Entrepreneurial

Entrepreneur creates green bed bug spray

bed bug magic

Fred Feldman likes to show how safe his bed bug treatment, Bed Bug Magic, is by spraying it on his hand and then licking it off.

“Most people go ‘eww,’ but I do it 90 percent of the time,” said Feldman, who sells the bug treatment as part of a line of environmentally-friendly cleaning products offered by his company Green Blaster. “(It shows that) it’s non-toxic, you can drink it and not have to have your stomach pumped.”

Feldman realized during the development of his other cleaning products that bed bugs are an epidemic and a solution was needed that was safe for kids (he has five grandchildren) and pets.

Bed bugs are an increasingly common problem found everywhere from retail stores to condos. The bugs are often brought in through furniture and clothing and like to hang out in places such as mattresses and couches. Pesticides are commonly recommended as part of treatment in getting rid of the bugs.

But accordingly to Tom Morley, a consultant to Green Blaster, the problem with pesticides is they contain neurotoxins.

Stones’ rocker turns eco entrepreneur

SecondAct contributor David Ferrell is a former staff writer for the Los Angeles Times and the author of the comic baseball novel “Screwball”. This article originally appeared on SecondAct.com. Top photo courtesy of Chuck Leavell.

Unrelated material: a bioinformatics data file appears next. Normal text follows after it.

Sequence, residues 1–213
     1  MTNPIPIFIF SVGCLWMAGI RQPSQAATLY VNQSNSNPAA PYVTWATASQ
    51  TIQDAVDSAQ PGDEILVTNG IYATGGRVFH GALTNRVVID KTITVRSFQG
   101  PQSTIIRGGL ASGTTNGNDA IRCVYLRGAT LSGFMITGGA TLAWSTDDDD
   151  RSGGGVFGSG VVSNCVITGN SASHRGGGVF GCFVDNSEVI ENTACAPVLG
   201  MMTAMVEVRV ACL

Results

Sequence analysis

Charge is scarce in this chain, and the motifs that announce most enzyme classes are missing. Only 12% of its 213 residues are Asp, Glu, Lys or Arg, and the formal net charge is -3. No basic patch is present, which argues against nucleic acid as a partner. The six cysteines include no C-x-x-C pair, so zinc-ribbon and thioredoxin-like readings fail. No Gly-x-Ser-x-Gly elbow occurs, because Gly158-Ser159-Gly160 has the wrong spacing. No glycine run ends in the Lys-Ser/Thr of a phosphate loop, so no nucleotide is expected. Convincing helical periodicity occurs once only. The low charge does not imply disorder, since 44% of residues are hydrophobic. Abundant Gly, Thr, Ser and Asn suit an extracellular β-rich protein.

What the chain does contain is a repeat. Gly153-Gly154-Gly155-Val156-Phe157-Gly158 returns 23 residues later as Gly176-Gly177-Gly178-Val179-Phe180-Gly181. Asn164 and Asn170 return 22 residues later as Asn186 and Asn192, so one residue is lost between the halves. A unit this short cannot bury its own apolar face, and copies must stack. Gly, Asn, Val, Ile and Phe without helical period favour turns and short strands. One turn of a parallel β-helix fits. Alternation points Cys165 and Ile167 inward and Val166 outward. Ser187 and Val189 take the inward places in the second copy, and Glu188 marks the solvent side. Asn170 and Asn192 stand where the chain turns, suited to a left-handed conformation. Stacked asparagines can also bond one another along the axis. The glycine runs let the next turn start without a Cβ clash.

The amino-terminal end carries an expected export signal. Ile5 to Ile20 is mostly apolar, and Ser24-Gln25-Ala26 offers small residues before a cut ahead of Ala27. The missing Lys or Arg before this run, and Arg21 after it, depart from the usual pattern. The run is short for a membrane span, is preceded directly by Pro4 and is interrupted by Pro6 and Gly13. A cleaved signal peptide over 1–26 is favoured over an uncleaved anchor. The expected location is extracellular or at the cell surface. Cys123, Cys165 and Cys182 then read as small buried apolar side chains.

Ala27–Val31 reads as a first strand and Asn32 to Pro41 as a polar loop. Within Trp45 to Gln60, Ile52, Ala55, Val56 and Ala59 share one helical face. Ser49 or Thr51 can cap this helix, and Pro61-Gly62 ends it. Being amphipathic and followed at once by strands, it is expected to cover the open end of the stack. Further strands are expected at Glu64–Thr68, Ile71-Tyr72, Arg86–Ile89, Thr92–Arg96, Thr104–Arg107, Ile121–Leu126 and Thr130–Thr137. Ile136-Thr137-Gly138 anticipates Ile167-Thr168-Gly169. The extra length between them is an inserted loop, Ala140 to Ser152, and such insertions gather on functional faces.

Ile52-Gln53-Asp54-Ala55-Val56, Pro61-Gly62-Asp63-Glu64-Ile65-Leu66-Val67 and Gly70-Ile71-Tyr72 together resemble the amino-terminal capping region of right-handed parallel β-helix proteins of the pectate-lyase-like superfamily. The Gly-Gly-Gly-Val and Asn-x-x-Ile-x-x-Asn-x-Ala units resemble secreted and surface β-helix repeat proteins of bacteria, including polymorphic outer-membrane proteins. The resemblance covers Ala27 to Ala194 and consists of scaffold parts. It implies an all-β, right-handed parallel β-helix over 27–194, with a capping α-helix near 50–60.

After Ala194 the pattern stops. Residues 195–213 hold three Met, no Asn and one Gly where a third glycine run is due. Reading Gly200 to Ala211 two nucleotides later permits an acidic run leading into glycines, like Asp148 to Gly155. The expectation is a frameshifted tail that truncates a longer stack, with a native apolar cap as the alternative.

Chuck Leavell has lived the ultimate rock ‘n’ roll fantasy, but he’s so modest that he doesn’t always own up to it. At a recent lunch, a new acquaintance had to bombard him with questions to gauge Leavell’s prowess on the keyboard.

“You play around here?” the man asked.

“I play all over,” Leavell said.

“You got a band? Or you perform by yourself?”

Leavell’s friend Joel Babbit, who witnessed the interrogation, chuckles at the memory. “You had to squeeze it out of him,” Babbit says. Finally Leavell conceded that he belonged to a band – and a pretty good one.

High-end water filters a tough sell

Manuel Desrochers and his sister, Noemie, are the founders of Aquaovo, a Montreal, Canada-based startup that designs unique water filters, aimed at reducing the environmental hazard from billions of plastic water bottles filling up landfills (see original story here).

Their trademarked Ovopur unit is a 23-pound ceramic egg-shaped apparatus that holds 11 liters (2.9 gallons) of water and uses the combination of gravity and a glass filter cartridge to purify ordinary tap water.

“Our target market is really 30-50-year-old young professionals, who really like the design of it and they’re thrilled to hear that it’s actually functional,” said Noemie (read her journal here), who added they raised the price for the filters from $560 to $660 after their first six months in business. “We really came to this price thinking this clientele is willing to pay for quality, so they’ll spend around $700 for the Ovopur.”

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